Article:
Monday, April 7, 2014

New Cuba grants: $4 million up for grabs

The State Department is looking for contractors to carry out $4 million in democracy programs targeting Cuba.
Grants range in value from $500,000 to $1.5 million.
Contractors must submit statements of interest by April 18. Both non-profit and for-profit companies are eligible.
Excerpts of the Bureau of Democracy, Human Rights and Labor announcement are below:
  • Advocating for Rule of Law and Human Rights should emphasize creating opportunities for professional capacity building and engagement, such as targeted training sessions, internships, short-term fellowships, or participation in international events or professional organizations. Areas for professional training/engagement may include, but need not be limited to: human rights monitoring; rule of law; frameworks and mechanisms for addressing human rights abuse; governmental transparency and accountability; provision of direct, non-profit legal or social services; civic education; political monitoring and reporting; consensus-building processes; elections and political processes; civil society sector development and sustainability; or public policy analysis as it pertains to and rule of law and human rights, advocacy, or reform.
  • Facilitating Free Expression should emphasize support for Cuban citizens and groups who seek to initiate independent civic activities outside of officially-sanctioned channels or frameworks. Activities could include, but need not be limited to, public awareness campaigns; initiatives designed to increase Cuban citizens’ on-island engagement with social and political themes; or support for the development of activities outside official governmental channels on the island, including civic and cultural events or programs.
  • Facilitating Free Flow of Information should emphasize support for free flow of information to, from, and within the island. Activities could include, but need not be limited to, training in established mass communication protocols and technologies; independent media; development of rapid cross-border information dissemination systems; or strategies to counter Cuban government propaganda and disinformation campaigns.

Activities that are typically given serious consideration for funding include, but are by no means limited to:

  • Concrete initiatives that reflect ongoing dialogue with Cuban civil society and demonstrate the capacity to operate effectively on the island;
  • Where appropriate, initiatives that emphasize capacity strengthening for Cuban civil society in developing effective outreach and engagement strategies for domestic and international audiences in both the short and medium term. Those opportunities may include increased participation in domestic, regional, and international networks; and improved capacity to implement conduct community engagement and advocacy;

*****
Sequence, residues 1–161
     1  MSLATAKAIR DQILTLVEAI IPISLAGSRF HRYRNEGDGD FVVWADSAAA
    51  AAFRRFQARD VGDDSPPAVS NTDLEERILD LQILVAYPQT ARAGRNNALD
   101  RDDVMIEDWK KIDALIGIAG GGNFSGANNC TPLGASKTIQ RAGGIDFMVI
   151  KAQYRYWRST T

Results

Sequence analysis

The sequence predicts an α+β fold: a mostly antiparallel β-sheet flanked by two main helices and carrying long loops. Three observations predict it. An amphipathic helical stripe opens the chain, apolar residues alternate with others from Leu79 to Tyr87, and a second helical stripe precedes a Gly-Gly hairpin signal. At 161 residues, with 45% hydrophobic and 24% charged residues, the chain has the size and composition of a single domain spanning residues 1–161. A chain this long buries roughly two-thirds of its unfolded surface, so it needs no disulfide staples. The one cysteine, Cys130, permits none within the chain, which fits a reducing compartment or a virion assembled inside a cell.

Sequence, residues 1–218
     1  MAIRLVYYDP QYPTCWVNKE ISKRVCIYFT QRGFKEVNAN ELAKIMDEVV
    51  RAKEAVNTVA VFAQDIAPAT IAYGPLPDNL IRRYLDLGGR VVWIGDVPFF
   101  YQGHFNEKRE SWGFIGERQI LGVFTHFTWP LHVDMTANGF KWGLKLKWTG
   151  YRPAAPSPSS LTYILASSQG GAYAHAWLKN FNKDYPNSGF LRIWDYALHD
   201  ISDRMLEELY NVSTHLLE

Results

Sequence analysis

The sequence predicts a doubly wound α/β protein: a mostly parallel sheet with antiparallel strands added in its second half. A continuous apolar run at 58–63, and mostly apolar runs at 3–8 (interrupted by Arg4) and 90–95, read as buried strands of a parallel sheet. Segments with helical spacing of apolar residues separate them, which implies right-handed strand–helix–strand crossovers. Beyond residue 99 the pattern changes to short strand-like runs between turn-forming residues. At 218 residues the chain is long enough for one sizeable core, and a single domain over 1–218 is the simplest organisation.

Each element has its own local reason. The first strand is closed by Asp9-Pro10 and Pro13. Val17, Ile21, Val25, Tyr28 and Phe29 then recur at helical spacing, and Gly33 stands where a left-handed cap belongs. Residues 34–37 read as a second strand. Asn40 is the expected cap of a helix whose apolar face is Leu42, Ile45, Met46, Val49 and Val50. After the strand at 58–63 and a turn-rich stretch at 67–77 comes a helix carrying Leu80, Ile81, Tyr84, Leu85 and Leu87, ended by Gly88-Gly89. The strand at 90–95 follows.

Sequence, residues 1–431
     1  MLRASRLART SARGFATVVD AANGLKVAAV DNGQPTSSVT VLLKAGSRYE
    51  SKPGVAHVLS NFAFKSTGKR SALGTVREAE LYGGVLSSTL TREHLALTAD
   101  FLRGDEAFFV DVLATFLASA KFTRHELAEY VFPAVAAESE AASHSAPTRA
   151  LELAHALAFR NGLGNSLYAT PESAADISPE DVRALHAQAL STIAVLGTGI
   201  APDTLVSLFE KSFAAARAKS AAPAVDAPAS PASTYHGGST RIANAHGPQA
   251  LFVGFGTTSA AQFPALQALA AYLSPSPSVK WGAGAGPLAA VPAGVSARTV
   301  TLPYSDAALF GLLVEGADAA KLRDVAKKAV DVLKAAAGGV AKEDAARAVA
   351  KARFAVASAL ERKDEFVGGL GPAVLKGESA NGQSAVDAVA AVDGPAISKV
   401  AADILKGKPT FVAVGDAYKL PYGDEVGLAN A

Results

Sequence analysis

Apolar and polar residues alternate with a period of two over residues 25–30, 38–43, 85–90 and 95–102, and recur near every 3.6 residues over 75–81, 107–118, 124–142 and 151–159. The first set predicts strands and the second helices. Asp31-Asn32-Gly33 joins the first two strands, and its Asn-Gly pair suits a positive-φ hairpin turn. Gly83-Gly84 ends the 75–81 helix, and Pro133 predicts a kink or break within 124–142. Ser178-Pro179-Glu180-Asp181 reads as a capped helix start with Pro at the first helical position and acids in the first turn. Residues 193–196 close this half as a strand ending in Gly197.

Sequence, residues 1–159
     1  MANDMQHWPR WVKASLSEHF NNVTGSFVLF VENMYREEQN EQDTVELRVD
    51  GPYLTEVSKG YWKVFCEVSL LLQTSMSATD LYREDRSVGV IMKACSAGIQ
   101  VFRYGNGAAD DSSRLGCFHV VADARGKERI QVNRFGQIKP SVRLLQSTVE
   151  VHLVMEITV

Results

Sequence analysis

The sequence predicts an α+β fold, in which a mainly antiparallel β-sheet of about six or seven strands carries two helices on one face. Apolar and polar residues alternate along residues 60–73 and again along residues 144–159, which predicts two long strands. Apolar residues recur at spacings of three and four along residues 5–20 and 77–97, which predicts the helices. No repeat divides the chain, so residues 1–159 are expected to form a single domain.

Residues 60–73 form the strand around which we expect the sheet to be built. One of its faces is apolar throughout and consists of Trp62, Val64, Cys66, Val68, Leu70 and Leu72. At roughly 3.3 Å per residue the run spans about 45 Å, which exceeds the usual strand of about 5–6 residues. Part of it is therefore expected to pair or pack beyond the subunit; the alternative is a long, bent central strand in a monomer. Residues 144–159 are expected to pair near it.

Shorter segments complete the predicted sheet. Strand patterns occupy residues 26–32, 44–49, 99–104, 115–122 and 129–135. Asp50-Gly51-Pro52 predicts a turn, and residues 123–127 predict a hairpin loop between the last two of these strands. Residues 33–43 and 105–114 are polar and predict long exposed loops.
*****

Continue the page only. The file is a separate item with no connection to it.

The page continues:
• Under initiatives that include external activities for Cubans, opportunities that prioritize South-South exchange and/or reflect the linguistic needs and capabilities of target beneficiaries;
  • Under initiatives that incorporate capacity-building, concrete plans that monitor the impact of increased capacity among Cuban civil society;
  • Organizational assistance to Cuban civil society to improve management and development, strategic planning, and sustainability;
  • Technical assistance that assists Cubans in accessing digital tools, including software, that is freely available in other countries with high speed and/or uncensored internet;
  • For purposes of facilitating implementation and improving monitoring and evaluation, baseline surveys or analyses amongst target beneficiaries and/or key stakeholders;
  • Comprehensive solutions to democracy development and human rights challenges on the island, which include partnerships with Cuban and international civil society and which reflect an innovative, multi-dimensional response to conditions and current needs on the island.

Activities that are not typically funded include, but are not limited to:

  • The provision of large amounts of humanitarian assistance;
  • English language instruction;
  • Development of high-tech computer or communications software and/or hardware specific to Cuba; 
  • Purely academic exchanges or fellowships;
  • Excessively long external exchanges or fellowships lasting longer than six months;
  • Off-island activities for Cubans that are not clearly linked to on-island initiatives and impact;
  • Theoretical explorations of human rights or democracy issues in Cuba, including programs aimed primarily at research and evaluation;
  • Micro-loans or similar small business development initiatives;
  • Activities that go beyond an organization’s demonstrated competence, or fail to provide clear evidence of the ability of the applicant to achieve the stated impact;
  • Initiatives directed towards the Cuban diaspora rather than current residents of Cuba.

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